According to cancer.net, it is estimated that approximately 42,000 adults will be diagnosed with liver cancer this year. Liver cancer can be caused by DNA mutations, and there are various risk factors such as cirrhosis, diabetes, inherited liver diseases, excessive alcohol consumption, and exposure to alfatoxins, according to mayoclinic.org.
Researchers are also looking into other circumstances that can be linked to the development of liver cancer. For instance, one new study found a link between oral health and liver cancer. The study, published in the United European Gastroenterology Journal, assessed whether
“whether poor oral health is independently associated with gastrointestinal cancers, due to potential confounding by smoking, alcohol and poor nutrition.”
Gastrointestinal health includes the liver, but also other organs, including the stomach, pancreas, and intestines.
The study included 475,766 participants. Proportional hazard models were used to estimate the relationship between gastrointestinal cancer risk and self-reported poor oral health. The study defined poor oral health as “painful gums, bleeding gums, and/or having loose teeth.” The study indicates that based upon an adjusted analysis, “self-reported poor oral health was associated with a 75% increased risk of hepatocellular carcinoma.”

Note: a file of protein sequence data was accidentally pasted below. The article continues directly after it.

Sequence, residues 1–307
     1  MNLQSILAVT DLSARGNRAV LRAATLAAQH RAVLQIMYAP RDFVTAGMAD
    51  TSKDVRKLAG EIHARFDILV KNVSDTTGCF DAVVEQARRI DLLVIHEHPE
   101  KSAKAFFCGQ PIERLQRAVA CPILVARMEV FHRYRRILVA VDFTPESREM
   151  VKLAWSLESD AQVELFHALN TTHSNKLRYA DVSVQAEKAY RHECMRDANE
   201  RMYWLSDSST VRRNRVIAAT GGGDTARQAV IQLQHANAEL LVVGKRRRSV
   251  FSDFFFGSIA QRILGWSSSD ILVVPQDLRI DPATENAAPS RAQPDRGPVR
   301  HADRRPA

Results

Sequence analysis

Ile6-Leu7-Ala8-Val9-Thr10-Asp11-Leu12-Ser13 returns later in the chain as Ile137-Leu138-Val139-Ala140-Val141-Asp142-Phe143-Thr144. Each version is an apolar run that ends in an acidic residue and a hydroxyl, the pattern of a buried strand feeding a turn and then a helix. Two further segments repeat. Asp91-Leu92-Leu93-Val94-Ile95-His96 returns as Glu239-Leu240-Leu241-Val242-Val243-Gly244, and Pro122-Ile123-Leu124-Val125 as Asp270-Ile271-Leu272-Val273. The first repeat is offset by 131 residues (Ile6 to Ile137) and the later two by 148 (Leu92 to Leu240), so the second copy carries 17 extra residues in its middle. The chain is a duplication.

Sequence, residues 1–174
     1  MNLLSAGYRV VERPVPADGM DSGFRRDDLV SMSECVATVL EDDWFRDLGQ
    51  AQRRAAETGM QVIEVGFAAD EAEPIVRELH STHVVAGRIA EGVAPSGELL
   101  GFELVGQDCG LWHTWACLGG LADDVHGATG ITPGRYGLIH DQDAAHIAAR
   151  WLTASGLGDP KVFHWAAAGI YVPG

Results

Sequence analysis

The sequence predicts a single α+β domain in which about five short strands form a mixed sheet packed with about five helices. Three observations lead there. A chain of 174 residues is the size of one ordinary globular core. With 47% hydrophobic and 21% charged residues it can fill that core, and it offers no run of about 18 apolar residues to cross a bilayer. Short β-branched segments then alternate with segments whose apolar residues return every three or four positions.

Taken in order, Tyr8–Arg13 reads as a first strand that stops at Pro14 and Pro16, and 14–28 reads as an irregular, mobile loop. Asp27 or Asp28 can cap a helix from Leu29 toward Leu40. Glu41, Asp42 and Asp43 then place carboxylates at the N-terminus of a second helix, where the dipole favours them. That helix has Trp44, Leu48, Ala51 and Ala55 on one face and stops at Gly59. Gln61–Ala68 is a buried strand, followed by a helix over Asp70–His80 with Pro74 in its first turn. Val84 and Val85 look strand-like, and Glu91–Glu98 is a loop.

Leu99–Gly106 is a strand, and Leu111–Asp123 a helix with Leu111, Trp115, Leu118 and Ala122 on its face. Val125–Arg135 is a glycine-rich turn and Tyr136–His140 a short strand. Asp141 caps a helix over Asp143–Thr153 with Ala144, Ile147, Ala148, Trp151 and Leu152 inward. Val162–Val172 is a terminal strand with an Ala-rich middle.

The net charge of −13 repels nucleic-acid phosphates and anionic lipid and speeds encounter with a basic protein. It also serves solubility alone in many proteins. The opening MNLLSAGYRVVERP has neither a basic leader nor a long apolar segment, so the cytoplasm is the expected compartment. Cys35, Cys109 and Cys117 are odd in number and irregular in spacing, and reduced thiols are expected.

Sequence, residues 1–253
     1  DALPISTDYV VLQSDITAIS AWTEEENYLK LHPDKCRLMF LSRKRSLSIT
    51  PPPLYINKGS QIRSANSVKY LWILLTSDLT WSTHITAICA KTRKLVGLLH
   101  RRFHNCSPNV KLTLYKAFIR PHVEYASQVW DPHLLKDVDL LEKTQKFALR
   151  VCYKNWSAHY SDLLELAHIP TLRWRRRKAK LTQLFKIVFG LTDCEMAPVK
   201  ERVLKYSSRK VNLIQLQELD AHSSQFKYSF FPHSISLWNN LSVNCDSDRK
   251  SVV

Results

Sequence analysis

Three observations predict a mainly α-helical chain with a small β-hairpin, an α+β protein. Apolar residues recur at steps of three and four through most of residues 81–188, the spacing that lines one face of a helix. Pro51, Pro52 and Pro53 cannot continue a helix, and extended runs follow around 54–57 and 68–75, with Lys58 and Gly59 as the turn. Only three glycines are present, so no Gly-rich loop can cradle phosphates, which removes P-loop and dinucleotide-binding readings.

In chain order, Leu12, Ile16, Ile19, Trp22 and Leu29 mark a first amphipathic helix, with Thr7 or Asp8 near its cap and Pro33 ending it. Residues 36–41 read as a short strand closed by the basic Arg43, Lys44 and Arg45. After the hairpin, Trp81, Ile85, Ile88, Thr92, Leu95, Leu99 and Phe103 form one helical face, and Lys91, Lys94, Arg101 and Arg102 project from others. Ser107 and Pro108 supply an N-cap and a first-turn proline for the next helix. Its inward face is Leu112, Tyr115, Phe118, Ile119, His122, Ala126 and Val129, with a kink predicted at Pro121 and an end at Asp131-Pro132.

However, in general, the study also determined that “there was no association between self-reported poor oral health and risk of all gastrointestinal cancers detected.”
Keep in mind that this is just one study and is not conclusive. To reach the conclusion that oral health directly causes liver cancer, there needs to be a lot more research and analysis into the issue.